How Are You, Tacloban?

I had a long conversation with a close friend last week. Like most of my volunteer friends, she was one of the aid workers based in Tacloban who were continually fighting a good fight to rebuild one of the Philippines’ former fastest growing cities. She said that they were celebrating because it has been 6 months since Yolanda (Haiyan to the rest of the world) struck the island nation and they are celebrating because despite the somewhat apocalyptic (in scale) tragedy, the city is still standing. Standing in a sense that the people are still there, foreigners are there – not as tourists but as volunteers and humanitarian aid operatives who work side-by-side with the locals to provide as much normalcy as they can, LGUs and NGOs are coordinating with each other in providing relief and shelter, homes are being reconstructed and temporary shelters are being raised, small businesses are being renewed, and public infrastructures like schools and clinics are being established. Slowly. It’s nowhere close to how it was originally and the pace of the progress is not as fast as how they planned it to be, but there is movement worth waking up for.


Death toll from Yolanda now stands at 6,300 according to NDRRMC, most of them still unidentified. 1,061 persons remain missing. PhP89.6 billion worth of property and infrastructure damage. PhP21.8 billion worth of agricultural crops destroyed. I try not to dwell too much on the statistics but how can I not? One can’t possibly set it aside like some discarded file because as horrid as these numbers are, these same numbers serve as citadels for those who break their backs to ensure the recovery of the typhoon-ravaged communities. These numbers keep them going as a reminder that there is work to be done. These same numbers serve as a reminder of the aftermath of a tragedy that everyone needed to be educated about. These numbers keep the fire burning when all else fail.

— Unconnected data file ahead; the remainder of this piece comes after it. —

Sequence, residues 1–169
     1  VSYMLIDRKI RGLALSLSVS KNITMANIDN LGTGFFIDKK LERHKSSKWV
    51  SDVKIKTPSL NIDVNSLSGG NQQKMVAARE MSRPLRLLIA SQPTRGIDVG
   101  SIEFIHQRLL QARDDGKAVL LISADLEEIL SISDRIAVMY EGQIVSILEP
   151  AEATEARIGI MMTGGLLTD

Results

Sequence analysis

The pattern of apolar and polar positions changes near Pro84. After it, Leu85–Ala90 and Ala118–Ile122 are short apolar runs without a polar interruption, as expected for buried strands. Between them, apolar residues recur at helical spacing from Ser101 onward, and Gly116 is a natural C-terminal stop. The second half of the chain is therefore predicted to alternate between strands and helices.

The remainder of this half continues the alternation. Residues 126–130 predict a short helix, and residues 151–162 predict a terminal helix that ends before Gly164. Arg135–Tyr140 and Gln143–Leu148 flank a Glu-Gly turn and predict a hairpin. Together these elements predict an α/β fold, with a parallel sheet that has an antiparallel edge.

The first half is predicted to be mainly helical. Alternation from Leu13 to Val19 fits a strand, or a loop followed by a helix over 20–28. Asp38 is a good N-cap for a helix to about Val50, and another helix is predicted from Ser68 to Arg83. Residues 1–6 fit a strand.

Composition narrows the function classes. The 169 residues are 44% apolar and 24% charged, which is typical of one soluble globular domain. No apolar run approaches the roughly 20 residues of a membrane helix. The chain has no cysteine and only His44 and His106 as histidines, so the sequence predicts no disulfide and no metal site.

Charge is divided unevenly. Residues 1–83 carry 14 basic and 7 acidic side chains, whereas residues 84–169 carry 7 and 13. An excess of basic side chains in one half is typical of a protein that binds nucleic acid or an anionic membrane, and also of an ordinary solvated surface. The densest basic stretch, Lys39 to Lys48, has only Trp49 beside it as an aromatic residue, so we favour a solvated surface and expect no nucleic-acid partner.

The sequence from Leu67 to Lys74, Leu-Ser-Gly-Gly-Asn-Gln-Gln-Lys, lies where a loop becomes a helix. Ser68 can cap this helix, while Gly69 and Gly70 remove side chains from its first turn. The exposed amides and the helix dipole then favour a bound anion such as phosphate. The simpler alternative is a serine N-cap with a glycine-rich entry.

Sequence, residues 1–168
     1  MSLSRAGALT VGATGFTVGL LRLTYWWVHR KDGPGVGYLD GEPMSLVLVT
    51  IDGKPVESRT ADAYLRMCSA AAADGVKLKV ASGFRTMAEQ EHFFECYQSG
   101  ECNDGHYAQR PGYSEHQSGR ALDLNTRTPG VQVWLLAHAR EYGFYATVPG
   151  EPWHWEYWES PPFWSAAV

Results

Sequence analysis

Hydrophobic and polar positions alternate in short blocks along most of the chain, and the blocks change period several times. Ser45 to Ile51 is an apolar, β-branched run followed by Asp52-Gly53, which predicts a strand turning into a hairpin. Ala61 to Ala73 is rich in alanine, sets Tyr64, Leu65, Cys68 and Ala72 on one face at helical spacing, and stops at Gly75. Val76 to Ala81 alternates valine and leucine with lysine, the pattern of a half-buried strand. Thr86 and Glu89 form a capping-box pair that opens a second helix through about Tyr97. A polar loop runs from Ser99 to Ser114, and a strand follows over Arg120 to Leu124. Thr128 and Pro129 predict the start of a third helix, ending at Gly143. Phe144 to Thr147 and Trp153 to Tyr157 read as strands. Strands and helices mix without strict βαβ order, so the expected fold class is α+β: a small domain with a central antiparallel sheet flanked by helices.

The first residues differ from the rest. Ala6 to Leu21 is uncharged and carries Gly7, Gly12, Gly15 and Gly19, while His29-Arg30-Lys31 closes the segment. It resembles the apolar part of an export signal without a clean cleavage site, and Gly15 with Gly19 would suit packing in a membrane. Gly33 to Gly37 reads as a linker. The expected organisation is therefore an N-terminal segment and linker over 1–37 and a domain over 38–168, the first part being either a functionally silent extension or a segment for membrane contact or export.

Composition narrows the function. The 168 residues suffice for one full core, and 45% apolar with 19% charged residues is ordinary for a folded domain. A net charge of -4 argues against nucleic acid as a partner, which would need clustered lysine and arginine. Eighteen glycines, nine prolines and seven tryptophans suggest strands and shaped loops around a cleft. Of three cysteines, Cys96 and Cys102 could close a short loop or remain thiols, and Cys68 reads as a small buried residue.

tacloban-first abs-cbnPhoto credit: Abs-cbn

You don’t walk around Tacloban without bumping into a ghost of some sort, some are living while some are dead; but they’re all walking towards the familiar semblance of the life they once knew. Life is still hard but it was harder a few months back so everyone is grateful and optimistic. A few complaints fly here and there, but who doesn’t have one anyway? The unimaginable destruction that left bodies splayed in the streets, destroyed entire structures and roads, and forcibly created mass graves have entitled survivors to more than the regular baggage capacity of grievances. It’s not easy, most of the time, it is beyond desperation but with a smile and the spirit of communal effort, the Filipino people hang on. This is the same spirit that some self-entitled young bloggers proclaimed as overhyped. There is nothing overhyped about people’s ability to cope with any kind of hardship, to roll with the punches, and bounce back. Resilience is resilience and no one has patently claimed it as their property; it’s just you partisans rattling the cage with the absurd idea that your greatest gift to the world is giving it a piece of your counterproductive mind.

resiliencePhoto credit: Xavier School

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